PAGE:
Johnny: It must have been.
Johnny: In your opinion, what made Seven Minutes In Heaven so different from most 80s teen movies?
Byron: I mean, Seven Minutes In Heaven was really such a genuine movie. It was very candid and honest. I think it was trying to be a real portrait of the awkwardness of those years, and I think it did a good job of that. A lot of times in these movies, you see people who are 16 and 17 years old, but they’re actually 18, 19 or 20 years old. We were all actually that age, and so that awakwardness and that candidness really came through. I mean, Jennifer Connelly was 13 when she did it, and I think Maddie and I were 15, so it was just very honest and very candid.
Johnny: It’s a great movie, and it deserves a lot of credit, and I think you did a good job in it.
Byron: Thank you.
Johnny; Oh, no problem. Switching gears, you appeared in two different Vietnam War-themed projects in the 80s, an episode of Vietnam War Story and a starring role in the 1989 independent drama 84 Charlie MoPic. As that war was still a major topic of discussion in the 1980s, what do you think made those two projects stand out?
Byron: i think the one main thing that stood out about those two projects is that Vietnam War Story was written by Patrick Duncan, who was an actual Vietnam veteran, and 84 Charlie MoPic was written and directed by the same guy, Patrick Duncan, so he was bringing his real-life experience to the screen, and as a result, he was sharing that experience with the actors, so we really got to hear and feel what it was like to be there. I think that’s what really sets those two projects apart.
Johnny: Alright. Switching gears again to a lighter project, you played Laird Gibbons on the late 80s/early 90s Disney show A Brand New Life, so how did you enjoy working on that show?
Byron: That was a lot of fun. I got to play a spoiled rich kid, and those kind of roles are always fun. I got to work with some great people once again, like Barbara Eden and Shawnee Smith and Jennie Garth. Everybody was great. It was really a lot of fun to make, and what else can I say about it? That’s pretty much it. It was a lot of fun.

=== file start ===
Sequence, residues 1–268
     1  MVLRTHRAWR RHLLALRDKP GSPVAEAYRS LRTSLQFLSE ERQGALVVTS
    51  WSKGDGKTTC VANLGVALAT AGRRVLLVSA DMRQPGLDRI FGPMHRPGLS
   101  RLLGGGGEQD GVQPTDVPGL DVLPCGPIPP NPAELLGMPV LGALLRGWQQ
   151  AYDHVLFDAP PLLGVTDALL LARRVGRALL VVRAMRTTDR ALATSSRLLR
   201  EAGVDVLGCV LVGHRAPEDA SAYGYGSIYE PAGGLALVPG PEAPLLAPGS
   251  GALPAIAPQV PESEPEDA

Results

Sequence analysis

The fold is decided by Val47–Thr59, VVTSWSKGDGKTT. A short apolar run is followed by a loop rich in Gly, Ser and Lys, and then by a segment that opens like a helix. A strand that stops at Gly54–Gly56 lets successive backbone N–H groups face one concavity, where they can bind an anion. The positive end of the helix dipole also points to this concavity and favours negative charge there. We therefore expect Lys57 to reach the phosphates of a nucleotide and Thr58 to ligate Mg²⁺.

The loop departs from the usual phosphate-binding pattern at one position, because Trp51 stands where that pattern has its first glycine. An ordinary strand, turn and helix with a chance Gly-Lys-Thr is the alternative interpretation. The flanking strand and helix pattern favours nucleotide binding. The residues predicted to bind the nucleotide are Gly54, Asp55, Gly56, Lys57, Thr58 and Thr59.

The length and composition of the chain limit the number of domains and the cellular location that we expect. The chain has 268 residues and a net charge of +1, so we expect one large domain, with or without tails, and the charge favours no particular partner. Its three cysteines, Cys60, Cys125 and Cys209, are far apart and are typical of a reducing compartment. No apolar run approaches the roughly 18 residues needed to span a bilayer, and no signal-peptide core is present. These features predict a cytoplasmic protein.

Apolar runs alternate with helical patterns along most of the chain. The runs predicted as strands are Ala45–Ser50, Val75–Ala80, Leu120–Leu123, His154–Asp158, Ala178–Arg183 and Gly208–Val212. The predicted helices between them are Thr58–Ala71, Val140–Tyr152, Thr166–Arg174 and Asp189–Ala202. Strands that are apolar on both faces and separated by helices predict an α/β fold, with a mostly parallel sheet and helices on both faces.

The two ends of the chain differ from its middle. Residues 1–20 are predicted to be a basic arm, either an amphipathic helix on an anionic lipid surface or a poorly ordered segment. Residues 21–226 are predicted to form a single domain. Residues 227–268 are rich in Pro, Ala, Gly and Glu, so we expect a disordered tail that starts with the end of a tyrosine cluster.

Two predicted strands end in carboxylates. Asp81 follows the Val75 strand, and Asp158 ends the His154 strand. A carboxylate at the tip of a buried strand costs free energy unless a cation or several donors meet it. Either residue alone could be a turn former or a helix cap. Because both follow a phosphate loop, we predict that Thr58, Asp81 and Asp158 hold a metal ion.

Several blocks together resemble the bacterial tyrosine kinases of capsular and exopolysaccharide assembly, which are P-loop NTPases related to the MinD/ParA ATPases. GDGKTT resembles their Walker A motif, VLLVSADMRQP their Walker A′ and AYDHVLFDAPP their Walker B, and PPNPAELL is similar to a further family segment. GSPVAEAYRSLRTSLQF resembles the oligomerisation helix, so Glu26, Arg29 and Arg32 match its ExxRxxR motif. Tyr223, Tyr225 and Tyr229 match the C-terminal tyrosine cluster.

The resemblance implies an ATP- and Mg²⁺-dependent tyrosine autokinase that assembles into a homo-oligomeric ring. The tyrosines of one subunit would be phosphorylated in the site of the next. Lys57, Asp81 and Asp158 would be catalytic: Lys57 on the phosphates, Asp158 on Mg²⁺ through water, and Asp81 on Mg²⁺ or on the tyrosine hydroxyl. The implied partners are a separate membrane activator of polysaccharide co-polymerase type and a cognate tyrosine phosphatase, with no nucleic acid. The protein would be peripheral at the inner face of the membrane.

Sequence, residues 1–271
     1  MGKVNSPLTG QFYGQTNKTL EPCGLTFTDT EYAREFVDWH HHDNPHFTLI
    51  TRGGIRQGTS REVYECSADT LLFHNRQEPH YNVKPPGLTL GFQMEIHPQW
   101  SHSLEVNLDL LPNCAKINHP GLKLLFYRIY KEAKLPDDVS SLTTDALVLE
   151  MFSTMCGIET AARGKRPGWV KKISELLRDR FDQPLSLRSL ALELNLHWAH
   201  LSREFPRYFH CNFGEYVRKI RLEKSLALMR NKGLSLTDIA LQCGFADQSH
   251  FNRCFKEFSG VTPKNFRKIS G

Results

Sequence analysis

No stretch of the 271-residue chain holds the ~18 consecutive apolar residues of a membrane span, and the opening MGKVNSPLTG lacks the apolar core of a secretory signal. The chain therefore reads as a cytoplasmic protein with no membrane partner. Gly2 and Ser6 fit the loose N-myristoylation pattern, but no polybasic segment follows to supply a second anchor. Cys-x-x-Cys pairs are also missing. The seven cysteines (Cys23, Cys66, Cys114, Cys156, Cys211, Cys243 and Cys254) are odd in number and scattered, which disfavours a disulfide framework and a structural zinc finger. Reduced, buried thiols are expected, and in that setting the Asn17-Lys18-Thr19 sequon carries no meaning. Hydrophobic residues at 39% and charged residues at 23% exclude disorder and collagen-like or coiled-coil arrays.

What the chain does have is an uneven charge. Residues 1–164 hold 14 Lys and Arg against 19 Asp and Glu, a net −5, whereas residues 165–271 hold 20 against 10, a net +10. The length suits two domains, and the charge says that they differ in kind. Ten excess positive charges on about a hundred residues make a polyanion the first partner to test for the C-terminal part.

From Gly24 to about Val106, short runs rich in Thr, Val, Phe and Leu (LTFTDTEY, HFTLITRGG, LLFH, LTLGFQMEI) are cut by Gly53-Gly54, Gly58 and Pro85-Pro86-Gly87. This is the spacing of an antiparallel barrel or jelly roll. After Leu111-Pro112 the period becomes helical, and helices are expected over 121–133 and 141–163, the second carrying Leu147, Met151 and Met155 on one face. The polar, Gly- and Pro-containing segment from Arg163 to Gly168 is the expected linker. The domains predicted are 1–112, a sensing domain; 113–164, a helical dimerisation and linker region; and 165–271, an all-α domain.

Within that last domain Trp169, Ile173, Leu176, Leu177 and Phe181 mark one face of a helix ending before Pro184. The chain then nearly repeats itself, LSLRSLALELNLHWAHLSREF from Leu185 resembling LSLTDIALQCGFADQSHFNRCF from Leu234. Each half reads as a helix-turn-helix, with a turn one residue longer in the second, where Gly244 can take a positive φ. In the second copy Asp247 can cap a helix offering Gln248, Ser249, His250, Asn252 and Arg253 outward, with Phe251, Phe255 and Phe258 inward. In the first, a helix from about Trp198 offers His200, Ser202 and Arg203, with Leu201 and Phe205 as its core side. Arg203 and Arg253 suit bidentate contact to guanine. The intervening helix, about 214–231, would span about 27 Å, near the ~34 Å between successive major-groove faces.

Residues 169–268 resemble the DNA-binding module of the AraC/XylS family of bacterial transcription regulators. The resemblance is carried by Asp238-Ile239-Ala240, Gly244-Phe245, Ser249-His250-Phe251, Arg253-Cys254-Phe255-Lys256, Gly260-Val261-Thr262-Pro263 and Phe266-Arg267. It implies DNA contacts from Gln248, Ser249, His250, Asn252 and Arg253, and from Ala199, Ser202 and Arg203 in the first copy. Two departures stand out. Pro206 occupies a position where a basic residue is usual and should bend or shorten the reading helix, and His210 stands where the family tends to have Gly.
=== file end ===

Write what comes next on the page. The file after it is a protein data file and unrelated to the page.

Johnny: Alright. To go to a different topic, but staying in the entertainment industry, in addition to your onscreen acting, you’ve also spent some time acting in the field of ADR, so how did you get involved in ADR and looping?
Byron: I got a call to go in and dub a foreign film, I think a Czechoslovakian film, into English, and that was pretty challenging as a kid to make the English words fit into the Czechoslovakian language so, after that, people started calling me to do different things, and it just sort of snowballed from there. It’s always been word of mouth. I’ve never really had a voiceover agent for that. It’s just been relationships that I’ve built over the years, and it’s turned out to be a lot of fun, and really creative.
Johnny: Cool. Of the movies you’ve worked on in ADR, what was your absolute favorite in terms of the voice acting you did?
Byron: Oh, man. Favorite ADR? I think Rio was really fun because I got to play a lot of different characters. I think the animated movies are fun because you get to play lots of little incidental characters, whereas with live-action, you’re trying to do real people. I think the animated films are more fun for that.
Johnny: Alright. In the past, I’ve interviewed two ADR coordinators, the late Mickie McGowan in 2017 and Leigh French in 2020. Have you ever worked with either of them in your ADR work?
Byron: Leigh French is actually the person who hired me for my first dubbing job, I believe. I had never worked with the other person you mentioned, but I did work with Leigh French, yes.
Johnny: I really enjoyed interviewing her back in 2020. She’s definitely amazing at her work, and I’m glad you’ve had good experiences in working with her.
Johnny: Besides your acting, you’ve also worked as an editor on several projects, so what has editing provided you that acting has not?